KS: I’ve always been an optimist, so I always thought I would make it. I was defi nitely unsure when I was two to three years into the company. I had, like, $25,000 in debt for advertising, but I needed to get clients on board and get recurring revenue. I knew I would pay it off in the next 12 months. Once that was possible, I thought, “OK, I can do this.” I knew it would be a long-term business. Now the business has turned into an engine that’s profitable. I knew if I spent a certain amount of money that I would get clients. I’m always optimistic.

What advice do you have for new entrepreneurs?
KS: I think a lot of the time entrepreneurs underestimate the cost of advertising and marketing. The cost of acquiring new clients is a lot higher than expected, especially these days. The No. 1 thing they need to do is make sure they have a high enough margin with the products or services they’re producing. If they do, they will be more open to advertising and marketing opportunities because they will be able to afford them. If you’re only able to do a small amount, you’re really limited in how to go out into the market and find clients.

What advice do you have for entrepreneurs looking to launch a Web-based company?
KS: You need to focus on a niche. Do something and do it really well. If it’s too broad, it’s really hard to be successful.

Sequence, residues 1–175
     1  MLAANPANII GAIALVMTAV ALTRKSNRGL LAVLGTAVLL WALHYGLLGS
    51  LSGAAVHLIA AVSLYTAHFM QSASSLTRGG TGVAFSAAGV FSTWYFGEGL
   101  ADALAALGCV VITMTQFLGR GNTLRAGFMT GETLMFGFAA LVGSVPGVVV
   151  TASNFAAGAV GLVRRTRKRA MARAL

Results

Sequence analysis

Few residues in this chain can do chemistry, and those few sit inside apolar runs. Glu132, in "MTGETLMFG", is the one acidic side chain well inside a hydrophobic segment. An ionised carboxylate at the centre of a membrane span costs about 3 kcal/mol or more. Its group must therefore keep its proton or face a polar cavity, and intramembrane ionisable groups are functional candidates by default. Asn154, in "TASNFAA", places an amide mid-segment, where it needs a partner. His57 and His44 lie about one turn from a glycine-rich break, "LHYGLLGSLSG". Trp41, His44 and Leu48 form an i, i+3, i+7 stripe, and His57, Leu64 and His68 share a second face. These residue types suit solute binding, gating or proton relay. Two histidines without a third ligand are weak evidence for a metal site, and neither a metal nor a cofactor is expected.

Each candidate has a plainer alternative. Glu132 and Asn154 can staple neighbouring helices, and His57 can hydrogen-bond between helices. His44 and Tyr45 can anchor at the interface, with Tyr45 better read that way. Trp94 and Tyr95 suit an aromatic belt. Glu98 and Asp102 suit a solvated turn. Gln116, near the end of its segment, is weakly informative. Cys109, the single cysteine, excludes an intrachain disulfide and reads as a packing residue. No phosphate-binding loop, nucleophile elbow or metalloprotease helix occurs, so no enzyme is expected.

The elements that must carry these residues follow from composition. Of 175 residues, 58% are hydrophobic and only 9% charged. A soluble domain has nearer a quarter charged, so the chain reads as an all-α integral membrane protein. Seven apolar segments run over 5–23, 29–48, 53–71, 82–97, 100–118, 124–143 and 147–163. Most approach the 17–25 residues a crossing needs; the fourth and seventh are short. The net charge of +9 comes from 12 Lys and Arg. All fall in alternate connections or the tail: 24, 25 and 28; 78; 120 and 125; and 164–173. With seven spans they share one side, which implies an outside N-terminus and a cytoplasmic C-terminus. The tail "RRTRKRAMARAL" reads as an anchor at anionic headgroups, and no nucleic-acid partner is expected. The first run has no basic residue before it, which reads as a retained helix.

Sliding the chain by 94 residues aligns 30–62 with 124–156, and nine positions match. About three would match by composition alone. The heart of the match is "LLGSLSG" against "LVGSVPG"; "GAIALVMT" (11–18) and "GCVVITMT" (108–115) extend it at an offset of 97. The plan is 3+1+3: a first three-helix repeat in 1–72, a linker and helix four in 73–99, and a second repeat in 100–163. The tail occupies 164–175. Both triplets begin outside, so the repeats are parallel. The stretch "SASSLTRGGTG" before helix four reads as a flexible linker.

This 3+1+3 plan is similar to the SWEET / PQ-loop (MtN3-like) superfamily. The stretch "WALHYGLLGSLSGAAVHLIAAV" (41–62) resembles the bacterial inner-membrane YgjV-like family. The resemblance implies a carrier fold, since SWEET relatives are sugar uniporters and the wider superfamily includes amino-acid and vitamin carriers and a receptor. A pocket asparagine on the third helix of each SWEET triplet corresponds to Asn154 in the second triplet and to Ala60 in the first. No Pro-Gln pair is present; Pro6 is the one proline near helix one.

For Volusion, doing customer Web development and shopping software was too broad. If you serve a massive market, it’s harder to become successful. Even if you’re a startup, you need to become a leader in some type of industry. Our clients do this as well. It’s easy to partner with people who have a clear brand. I think consumers narrow in on that.

Who are your top competitors and how did you adapt when they entered the market?
KS: When we started we did have competitors, but they were open-source shopping carts so clients had to build the product themselves. Our solution focused on support from the beginning. We’ll help you set it up and start to develop the product really quickly so you don’t have to find your own hosting, install your database and all of the other stuff business owners don’t know how to do.

Yahoo and eBay both have an offering. They’re major trusted brands so they get a lot of clients, but their solutions are not comparable to ours. They really don’t—as far as I can see—want to compete at our level. They don’t have as many features and functionalities.

Volusion now employs more than 200 people and has offices in two locations, with another one planned. How do you maintain that entrepreneurial spirit within the company as it has grown?
KS: We have talked to a lot of people in the corporate world who are realizing when they acquire a small company, one risk is killing the smaller company’s fast-paced, innovative style. We try to maintain that here. We try to give more free rein to our employees to really contribute.

Volusion’s Stores to Change the World program provides eCommerce for 10 nonprofits every month, and the Volusion Foundation devotes 1 percent of company time, product and revenue to support budding entrepreneurs and other individuals in need of assistance. Why is it so important for a company to give back?
KS: Morally, it’s important for me to help out other people. I also think that it’s great for employees to see and great for customers to see that the company really does care about other people, not just the bottom line.


1 Comment